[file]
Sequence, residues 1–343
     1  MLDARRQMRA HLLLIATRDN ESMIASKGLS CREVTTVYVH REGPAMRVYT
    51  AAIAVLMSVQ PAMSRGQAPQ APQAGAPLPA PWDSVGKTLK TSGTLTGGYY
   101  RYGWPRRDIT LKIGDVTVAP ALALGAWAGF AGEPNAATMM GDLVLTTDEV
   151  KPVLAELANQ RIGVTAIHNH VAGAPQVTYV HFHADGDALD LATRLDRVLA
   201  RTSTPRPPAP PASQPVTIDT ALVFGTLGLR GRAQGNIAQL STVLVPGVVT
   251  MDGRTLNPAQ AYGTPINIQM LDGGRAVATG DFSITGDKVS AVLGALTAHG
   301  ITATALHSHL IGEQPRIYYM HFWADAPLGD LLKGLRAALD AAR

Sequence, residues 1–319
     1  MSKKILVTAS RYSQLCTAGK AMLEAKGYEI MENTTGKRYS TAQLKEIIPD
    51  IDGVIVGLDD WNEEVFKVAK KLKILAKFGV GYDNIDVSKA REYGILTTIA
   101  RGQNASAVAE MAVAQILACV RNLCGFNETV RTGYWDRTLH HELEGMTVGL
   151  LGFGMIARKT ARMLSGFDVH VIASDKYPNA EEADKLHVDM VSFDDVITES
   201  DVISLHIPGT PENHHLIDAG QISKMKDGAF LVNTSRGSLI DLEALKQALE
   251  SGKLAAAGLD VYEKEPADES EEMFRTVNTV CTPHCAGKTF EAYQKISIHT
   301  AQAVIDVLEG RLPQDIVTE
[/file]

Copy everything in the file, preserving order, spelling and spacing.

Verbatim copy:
Sequence, residues 1–343
     1  MLDARRQMRA HLLLIATRDN ESMIASKGLS CREVTTVYVH REGPAMRVYT
    51  AAIAVLMSVQ PAMSRGQAPQ APQAGAPLPA PWDSVGKTLK TSGTLTGGYY
   101  RYGWPRRDIT LKIGDVTVAP ALALGAWAGF AGEPNAATMM GDLVLTTDEV
   151  KPVLAELANQ RIGVTAIHNH VAGAPQVTYV HFHADGDALD LATRLDRVLA
   201  RTSTPRPPAP PASQPVTIDT ALVFGTLGLR GRAQGNIAQL STVLVPGVVT
   251  MDGRTLNPAQ AYGTPINIQM LDGGRAVATG DFSITGDKVS AVLGALTAHG
   301  ITATALHSHL IGEQPRIYYM HFWADAPLGD LLKGLRAALD AAR

Sequence, residues 1–319
     1  MSKKILVTAS RYSQLCTAGK AMLEAKGYEI MENTTGKRYS TAQLKEIIPD
    51  IDGVIVGLDD WNEEVFKVAK KLKILAKFGV GYDNIDVSKA REYGILTTIA
   101  RGQNASAVAE MAVAQILACV RNLCGFNETV RTGYWDRTLH HELEGMTVGL
   151  LGFGMIARKT ARMLSGFDVH VIASDKYPNA EEADKLHVDM VSFDDVITES
   201  DVISLHIPGT PENHHLIDAG QISKMKDGAF LVNTSRGSLI DLEALKQALE
   251  SGKLAAAGLD VYEKEPADES EEMFRTVNTV CTPHCAGKTF EAYQKISIHT
   301  AQAVIDVLEG RLPQDIVTE